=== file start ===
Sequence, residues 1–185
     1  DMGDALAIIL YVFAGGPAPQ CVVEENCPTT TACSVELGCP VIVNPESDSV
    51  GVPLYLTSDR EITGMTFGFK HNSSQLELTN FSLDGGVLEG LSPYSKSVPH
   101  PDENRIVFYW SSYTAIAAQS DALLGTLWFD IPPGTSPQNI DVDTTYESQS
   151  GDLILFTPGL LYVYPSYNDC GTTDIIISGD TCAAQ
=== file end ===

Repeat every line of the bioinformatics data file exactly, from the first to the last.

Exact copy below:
Sequence, residues 1–185
     1  DMGDALAIIL YVFAGGPAPQ CVVEENCPTT TACSVELGCP VIVNPESDSV
    51  GVPLYLTSDR EITGMTFGFK HNSSQLELTN FSLDGGVLEG LSPYSKSVPH
   101  PDENRIVFYW SSYTAIAAQS DALLGTLWFD IPPGTSPQNI DVDTTYESQS
   151  GDLILFTPGL LYVYPSYNDC GTTDIIISGD TCAAQ